The NIST Center for Neutron Research studies the molecular and molecular-magnetic structure of materials using neutrons as a probing radiation. To further the speed of neutron scattering instrumentation, the NCNR has commissioned the Chromatic Analysis Neutron Diffractometer or Reflectometer (CANDOR) instrument. The CANDOR instrument has the potential to increase measurement speed by a factor of 1000. Detectors for neutron scattering instruments need to have high detection efficiency (90%), very high gamma rejection (10E-7), and operate at high count rates (10 kHz). Additionally for the CANDOR instrument, a neutron detector must be extremely thin (< 2 mm) and use an alternative to the scarce helium-3 absorber isotope. The CANDOR neutron detector uses 6LiF:ZnS(Ag) neutron scintillator to generate light pulses which are transported to a silicon photomultiplier (SiPM) via wavelength shifting (WLS) fibers. An optimized detector design yields approximately 100 photons per neutron capture.
Specially designed signal processing schemes were developed to meet the neutron scattering requirements in spite of the large noise background produced by the SiPM photodetector and low light neutron signals. The signal processing algorithms use pulse shape discrimination (PSD), noise rejection filters, and maintain high count rates by compensating for the slow fluorescence decay of ZnS(Ag) neutron scintillator.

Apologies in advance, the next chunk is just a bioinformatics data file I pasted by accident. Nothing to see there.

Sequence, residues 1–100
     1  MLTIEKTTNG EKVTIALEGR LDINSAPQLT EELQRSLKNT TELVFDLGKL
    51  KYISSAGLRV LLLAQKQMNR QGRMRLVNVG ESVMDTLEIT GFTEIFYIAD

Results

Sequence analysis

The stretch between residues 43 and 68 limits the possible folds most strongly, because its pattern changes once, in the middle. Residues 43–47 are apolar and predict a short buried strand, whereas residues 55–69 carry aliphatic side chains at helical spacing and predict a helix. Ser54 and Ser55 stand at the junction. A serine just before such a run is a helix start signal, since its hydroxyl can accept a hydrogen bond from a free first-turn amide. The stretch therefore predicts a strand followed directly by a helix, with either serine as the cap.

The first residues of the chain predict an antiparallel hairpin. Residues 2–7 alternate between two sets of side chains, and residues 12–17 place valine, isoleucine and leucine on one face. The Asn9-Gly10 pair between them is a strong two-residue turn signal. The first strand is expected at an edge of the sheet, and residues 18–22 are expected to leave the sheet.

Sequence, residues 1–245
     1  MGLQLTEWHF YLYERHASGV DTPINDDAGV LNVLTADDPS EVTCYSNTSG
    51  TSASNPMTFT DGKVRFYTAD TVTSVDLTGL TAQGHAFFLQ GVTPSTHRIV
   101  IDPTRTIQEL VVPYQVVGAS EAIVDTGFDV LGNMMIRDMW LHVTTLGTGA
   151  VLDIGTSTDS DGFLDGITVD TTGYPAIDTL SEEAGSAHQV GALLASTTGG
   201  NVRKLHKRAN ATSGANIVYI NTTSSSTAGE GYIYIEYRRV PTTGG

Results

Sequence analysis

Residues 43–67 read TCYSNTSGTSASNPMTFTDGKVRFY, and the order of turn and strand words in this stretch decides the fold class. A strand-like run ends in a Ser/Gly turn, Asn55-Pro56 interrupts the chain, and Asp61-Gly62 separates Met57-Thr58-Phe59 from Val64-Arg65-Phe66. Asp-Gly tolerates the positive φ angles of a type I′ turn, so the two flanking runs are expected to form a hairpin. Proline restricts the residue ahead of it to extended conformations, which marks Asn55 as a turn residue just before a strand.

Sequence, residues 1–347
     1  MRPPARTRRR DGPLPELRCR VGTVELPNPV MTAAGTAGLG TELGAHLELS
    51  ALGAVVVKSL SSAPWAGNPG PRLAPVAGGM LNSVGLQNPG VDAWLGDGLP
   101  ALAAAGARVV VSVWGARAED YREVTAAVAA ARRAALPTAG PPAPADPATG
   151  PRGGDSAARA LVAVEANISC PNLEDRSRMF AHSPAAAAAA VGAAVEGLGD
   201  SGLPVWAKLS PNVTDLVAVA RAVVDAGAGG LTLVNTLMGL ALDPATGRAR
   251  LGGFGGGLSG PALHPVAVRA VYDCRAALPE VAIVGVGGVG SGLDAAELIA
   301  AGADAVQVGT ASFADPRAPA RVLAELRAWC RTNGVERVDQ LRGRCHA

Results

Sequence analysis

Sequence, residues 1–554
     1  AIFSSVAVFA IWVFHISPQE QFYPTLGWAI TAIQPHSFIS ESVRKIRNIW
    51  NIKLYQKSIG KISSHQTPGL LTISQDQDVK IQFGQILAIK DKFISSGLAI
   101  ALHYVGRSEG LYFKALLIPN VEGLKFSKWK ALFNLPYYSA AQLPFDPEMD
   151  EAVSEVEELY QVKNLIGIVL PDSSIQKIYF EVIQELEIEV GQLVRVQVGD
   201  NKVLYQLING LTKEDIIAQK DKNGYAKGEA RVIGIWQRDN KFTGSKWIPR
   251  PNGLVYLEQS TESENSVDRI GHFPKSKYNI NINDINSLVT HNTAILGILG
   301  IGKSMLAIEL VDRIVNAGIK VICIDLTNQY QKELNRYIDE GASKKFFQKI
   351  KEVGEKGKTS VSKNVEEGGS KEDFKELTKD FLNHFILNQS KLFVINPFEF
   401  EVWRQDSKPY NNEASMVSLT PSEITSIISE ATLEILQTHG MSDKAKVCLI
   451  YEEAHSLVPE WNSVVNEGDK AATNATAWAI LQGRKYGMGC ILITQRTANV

The Receiver Operator Characteristic (ROC) curve was used as a metric for gauging detection efficiency and gamma rejection, while arrival time statistics were used for gauging detector deadtime and doublecount fraction. Two detectors were characterized in detail; one detector very dim, one very bright. These two end cases encompass the performance of all detectors used in the CANDOR instrument. At a 10E-7 detection ratio for 662 keV 137Cs gammas and a negligible doublecount fraction, the absolute efficiency ranged from 87% to 91%, and deadtime from 2 μs to 4 μs for the dim and bright end cases respectively.
The photopeak, neutron transmission, and detection efficiency were measured for more than 1000 CANDOR detectors as a fitness test before installation in the CANDOR instrument. Most detectors passed, but there are manufacturing variations that still need to be eliminated for high manufacturing yields.
The CANDOR detectors can withstand approximately 10E+12 neutrons per cm2 irradiation before their performance degrades to an unacceptable level. This translates to more than 20 years of expected service life.
|Advisor:||Choa, Fow-Sen, Robucci, Ryan|
|Commitee:||Maliszewskyj, Nicholas, Majkrzak, Charles, Romero-Talamas, Carlos, Singh, Narsingh|
|School:||University of Maryland, Baltimore County|
|School Location:||United States -- Maryland|
|Source:||DAI-B 82/7(E), Dissertation Abstracts International|
|Subjects:||Electrical engineering, Nuclear physics|
|Keywords:||Signal processing, Performance metrics, Lifetime , 6LiF:ZnS(Ag), Neutron detector, WLS fibers , SiPM photodetector|
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